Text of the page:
V. The appellant argued essentially as follows:

Lack of inventive step

D19, D20 and D21 present a documentation of the increasing of the operating speed of shoe presses from 800 m/min up to more than 1700 m/min achieved between 1989 and 1995. Such operating speeds caused a temperature increase at the press nip from 60ºC to up to at least 85ºC.

A shoe press according to the preamble of present claim 1 is known from figure 11 of D21, showing a "NipcoFlex-Walze" (shoe press) cooperating with a controlled deflection press roll ("Nipco-P-Walze").

The skilled person having the general technical knowledge that such a shoe press and a controlled deflection roll acting as counter roll for the shoe press have the same hydraulic systems and being confronted with the problem the heat deformation poses on the functioning of the hydraulic system of the shoe press known from D21, ie seeking to compensate for the increased heat deformation, would naturally take into consideration and apply the teaching of D1 and would thus arrive at the shoe press according to claim 1 without exercising an inventive activity.

VI. The respondent argued essentially as follows: Both D1 and D14 have been publicly available 15 years before the earliest priority date of the patent in suit and in that time nobody has come up with the idea of combining their teachings, as per the invention. According to decisions T 540/92, T 697/94 and T 507/89 (none published in OJ EPO) such a long period of time is in itself an indication for inventive step. There exists no indication in D19, D20 or D21 that there is a problem with the hydraulic system of the shoe press due to thermal expansion. Accordingly, D21 cannot be used as "closest state of the art" for a proper "problem-solution-approach".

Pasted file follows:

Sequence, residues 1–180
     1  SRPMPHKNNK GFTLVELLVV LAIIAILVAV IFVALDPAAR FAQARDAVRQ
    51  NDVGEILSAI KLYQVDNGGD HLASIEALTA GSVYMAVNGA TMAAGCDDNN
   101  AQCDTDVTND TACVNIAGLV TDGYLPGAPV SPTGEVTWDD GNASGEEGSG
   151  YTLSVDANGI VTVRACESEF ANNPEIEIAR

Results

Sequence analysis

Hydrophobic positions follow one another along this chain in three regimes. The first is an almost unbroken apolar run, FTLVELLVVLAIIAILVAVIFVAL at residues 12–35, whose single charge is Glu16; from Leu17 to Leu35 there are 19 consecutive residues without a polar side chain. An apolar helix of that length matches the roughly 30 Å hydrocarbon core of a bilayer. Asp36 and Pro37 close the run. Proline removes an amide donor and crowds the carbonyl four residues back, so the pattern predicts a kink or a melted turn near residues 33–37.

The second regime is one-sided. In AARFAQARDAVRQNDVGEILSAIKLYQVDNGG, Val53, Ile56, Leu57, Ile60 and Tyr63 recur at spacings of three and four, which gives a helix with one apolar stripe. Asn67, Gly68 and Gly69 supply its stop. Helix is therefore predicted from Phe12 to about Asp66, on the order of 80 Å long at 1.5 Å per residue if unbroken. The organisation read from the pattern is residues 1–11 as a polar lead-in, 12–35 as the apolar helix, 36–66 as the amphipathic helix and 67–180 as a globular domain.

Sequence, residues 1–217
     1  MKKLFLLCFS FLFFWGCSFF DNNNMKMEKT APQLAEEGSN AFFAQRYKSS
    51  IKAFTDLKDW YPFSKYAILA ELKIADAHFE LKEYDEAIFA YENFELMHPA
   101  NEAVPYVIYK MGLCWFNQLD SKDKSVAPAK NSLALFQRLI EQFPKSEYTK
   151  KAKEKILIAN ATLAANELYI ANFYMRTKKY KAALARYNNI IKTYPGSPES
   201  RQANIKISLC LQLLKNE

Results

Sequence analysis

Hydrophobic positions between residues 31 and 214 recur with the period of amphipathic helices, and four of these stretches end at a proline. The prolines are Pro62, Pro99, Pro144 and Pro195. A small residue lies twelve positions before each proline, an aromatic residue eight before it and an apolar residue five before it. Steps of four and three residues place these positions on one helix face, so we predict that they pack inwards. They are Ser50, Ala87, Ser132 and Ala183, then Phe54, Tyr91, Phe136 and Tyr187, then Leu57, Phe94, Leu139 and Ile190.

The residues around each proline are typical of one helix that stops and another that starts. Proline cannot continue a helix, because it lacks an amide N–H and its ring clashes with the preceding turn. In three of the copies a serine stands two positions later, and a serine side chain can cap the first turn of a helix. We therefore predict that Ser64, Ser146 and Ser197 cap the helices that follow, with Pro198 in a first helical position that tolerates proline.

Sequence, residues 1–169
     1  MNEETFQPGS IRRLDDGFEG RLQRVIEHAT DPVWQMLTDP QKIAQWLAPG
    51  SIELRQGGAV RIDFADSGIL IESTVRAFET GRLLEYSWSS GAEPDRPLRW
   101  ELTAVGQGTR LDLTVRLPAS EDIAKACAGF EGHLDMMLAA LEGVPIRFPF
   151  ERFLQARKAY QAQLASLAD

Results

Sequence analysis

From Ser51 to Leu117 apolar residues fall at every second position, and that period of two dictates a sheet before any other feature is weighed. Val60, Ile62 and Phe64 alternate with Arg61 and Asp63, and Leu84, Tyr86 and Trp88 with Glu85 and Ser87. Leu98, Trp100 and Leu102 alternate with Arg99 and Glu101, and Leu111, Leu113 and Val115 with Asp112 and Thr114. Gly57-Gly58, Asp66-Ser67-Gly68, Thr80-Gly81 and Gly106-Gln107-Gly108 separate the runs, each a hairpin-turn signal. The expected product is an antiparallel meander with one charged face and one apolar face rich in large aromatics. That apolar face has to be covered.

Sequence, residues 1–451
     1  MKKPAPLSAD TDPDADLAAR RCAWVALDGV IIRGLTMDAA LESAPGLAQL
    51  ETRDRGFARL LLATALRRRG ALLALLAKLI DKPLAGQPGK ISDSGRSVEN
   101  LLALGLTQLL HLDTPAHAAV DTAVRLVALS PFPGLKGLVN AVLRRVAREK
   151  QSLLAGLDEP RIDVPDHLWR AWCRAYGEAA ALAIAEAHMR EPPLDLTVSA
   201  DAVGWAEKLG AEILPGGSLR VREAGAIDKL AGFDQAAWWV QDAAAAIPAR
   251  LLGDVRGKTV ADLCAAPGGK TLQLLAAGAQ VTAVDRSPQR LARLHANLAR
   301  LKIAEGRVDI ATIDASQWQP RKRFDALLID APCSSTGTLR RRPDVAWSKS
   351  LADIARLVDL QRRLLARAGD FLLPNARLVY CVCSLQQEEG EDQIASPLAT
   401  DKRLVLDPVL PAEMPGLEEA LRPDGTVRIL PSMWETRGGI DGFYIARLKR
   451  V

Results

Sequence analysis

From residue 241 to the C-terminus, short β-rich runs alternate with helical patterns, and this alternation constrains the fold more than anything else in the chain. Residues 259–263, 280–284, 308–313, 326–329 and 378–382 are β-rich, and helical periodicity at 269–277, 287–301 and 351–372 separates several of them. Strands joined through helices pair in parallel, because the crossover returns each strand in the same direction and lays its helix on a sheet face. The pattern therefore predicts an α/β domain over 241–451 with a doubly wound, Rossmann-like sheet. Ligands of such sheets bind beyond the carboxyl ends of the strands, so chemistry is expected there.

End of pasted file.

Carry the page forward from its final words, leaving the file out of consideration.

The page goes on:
The hydraulic system of the shoe press shown in figure 11 of D21 is not identical with the one of the controlled deflection press roll shown in this figure. Consequently, no teaching for using one and the same hydraulic system for the press shoe and the controlled deflection press roll is derivable from D21. Therefore, the skilled person would have never combined the teachings of D21 with D1.